Lowdown: The autobiography of the nice person behind the PC revolution.
I suppose I could say that growing up at the time I grew up, there to watch computers invade the home, makes me a lucky guy. Hey, it’s much better than running in and out of caves with no running hot water. Seriously: even though I may have not realized at for quite a long time I, love computers. Learning to program them in various ways was one of my teens’ highlights. Today, both my mortgage and my favorite activities of leisure owe a lot to those experiences of yonder. And although I didn’t know it at the time, those privileges put me in debt of a small group of people, the people who made this all possible. Chief amongst them is the guy that singlehandedly brought the computer home, properly: Steve Wozniak (with a little help from another Steve).
I knew enough about Wozniak to know that I wanted to know more about the man. The guy reminds me of myself, to one extent or another: loves computers and tinkers with them, has a reputation for being shy and reclusive, and is working on his application for a visa that would allow him to move to Australia. More importantly, Wozniak, or just Woz, has a universal reputation for being a nice guy; not that many people manage to get to the top and maintain such a reputation. Surely, the guy is special. Surely I will find learning more about him interesting. Thus when I found that option was available to me since 2006 in the form of iWoz, his autobiography, I put it high up my reading list.
Told using very simple language, out of what seems to be oral interviews with Gina Smith which were later put down to paper, iWoz tells us the way things were in first person. Much like Steve Jobs’ biography, this autobiography portrays the image of a child lucky to spend his childhood at a certain location and in certain circumstances that made him what he now is. Also, by the way, a child lucky to live with loving parents. Things hot up pretty quickly as we learn about the events that led to Woz’ big bang, the design and creation of the first Apple and then the Apple II. Later we follow up on Woz’ version of his relative distancing from Apple, his marriages and breakups, his career as the producer of musical events, his accident, his kids, and much more.
The historical importance of Woz’ feats is undeniable. Through his personal design breakthroughs he got us the computers we now take for granted: computers connected to a keyboard on one side for an input and a screen on the other for output. A color screen at that! Not to mention other breakthroughs, such as the floppy disk drive. It would have all happened, eventually, but it happened faster than otherwise possible through the genius of one man. Being able to hear from that man’s mouth about these historical breakthroughs is one reason iWoz is well worth reading.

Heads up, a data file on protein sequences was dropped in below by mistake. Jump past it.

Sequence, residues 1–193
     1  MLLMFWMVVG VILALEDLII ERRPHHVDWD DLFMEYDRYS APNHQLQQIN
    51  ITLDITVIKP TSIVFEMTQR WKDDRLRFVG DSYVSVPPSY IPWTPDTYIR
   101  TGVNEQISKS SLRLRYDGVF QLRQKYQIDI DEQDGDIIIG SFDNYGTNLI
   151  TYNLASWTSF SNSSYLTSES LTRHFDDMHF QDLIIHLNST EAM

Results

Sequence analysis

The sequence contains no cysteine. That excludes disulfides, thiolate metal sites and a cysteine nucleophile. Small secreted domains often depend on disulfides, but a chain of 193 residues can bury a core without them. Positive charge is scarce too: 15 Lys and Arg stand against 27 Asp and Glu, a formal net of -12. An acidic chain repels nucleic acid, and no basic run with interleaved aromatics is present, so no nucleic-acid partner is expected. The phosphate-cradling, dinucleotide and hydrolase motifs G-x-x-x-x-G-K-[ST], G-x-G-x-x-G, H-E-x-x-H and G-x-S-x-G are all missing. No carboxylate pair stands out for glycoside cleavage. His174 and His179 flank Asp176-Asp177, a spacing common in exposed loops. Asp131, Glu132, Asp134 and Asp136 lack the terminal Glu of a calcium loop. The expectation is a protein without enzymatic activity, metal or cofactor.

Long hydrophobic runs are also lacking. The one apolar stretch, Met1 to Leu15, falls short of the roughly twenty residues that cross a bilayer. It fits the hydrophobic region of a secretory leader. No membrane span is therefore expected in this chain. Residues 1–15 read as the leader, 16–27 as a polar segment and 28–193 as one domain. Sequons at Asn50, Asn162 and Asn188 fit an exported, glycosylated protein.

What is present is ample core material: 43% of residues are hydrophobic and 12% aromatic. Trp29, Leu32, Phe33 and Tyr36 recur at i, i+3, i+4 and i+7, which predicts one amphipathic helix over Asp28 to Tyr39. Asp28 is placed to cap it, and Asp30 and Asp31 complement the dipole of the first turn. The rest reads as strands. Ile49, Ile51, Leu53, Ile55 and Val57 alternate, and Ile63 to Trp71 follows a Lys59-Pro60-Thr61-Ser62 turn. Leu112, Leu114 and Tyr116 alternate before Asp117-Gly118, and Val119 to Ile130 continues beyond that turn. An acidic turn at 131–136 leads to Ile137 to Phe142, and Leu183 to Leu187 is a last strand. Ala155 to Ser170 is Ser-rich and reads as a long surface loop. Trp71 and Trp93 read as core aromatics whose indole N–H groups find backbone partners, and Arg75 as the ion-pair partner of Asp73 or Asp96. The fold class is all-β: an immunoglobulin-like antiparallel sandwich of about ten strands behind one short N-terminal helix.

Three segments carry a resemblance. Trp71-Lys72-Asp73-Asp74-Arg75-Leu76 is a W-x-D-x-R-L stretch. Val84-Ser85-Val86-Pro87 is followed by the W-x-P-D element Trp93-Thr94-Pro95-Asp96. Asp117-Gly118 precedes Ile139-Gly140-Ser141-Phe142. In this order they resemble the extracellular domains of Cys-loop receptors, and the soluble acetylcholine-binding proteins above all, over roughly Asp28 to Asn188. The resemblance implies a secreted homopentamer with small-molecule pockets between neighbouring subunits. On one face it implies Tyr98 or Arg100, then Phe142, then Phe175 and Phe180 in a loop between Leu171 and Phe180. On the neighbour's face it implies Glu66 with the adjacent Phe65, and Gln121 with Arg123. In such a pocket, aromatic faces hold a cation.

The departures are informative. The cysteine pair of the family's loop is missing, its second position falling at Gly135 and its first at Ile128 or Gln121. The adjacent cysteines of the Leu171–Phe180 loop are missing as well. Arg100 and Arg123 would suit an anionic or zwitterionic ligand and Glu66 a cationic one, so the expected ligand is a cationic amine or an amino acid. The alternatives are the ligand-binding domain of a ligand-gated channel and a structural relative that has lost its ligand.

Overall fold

I would suggest, however, that the most important contribution iWoz makes is in letting us know, both in fact and opinion, what it was that allowed Wozniak to come up with his brilliance. He talks a lot about his parents and his school career, but at the book’s conclusion he lays it there for all to see: innovation was possible because he worked on his own and he followed his dream; it would have been effectively impossible were he to do the same type of work at a large company, in a team, and while following company protocol. Innovation requires passion, and organized work murders that passion. I very much agree; and I also think this insight has plenty of implications on the way we should lead our lives to their maximum potential and the way we should educate and raise our children.
Philosophical insight aside, reading iWoz one can clearly see how Wozniak acquired his "nice guy" reputation. It is simply amazing he managed to keep this state of mind through the highs and lows of his life (and the inevitable comparison with that other Steve tells us a lot there). He’s not only nice, though: he’s a man of his word and quite the philanthropist. I think what I’m trying to say here is that long before I finished reading iWoz I felt like I want to seek me Wozniak out so I could give him a hug.
Overall: This personal tale of one of the Information Age’s pioneers is both interesting and fun to read even if it is not written to Christopher Hitchens’ level of English mastery. 3.5 out of 5 stars.
11/5/2013 update: Oddly for yours truly, I neglected to mention Wozniak's professional career as a producer of electronic gadgets started with a device to hack the phone system and make free calls. In other words, Wozniak is a hacker; a more or less ethical hacker, according to his account, but a hacker still. A hacker that by today's standards would probably spend a lot of time in both court and jail.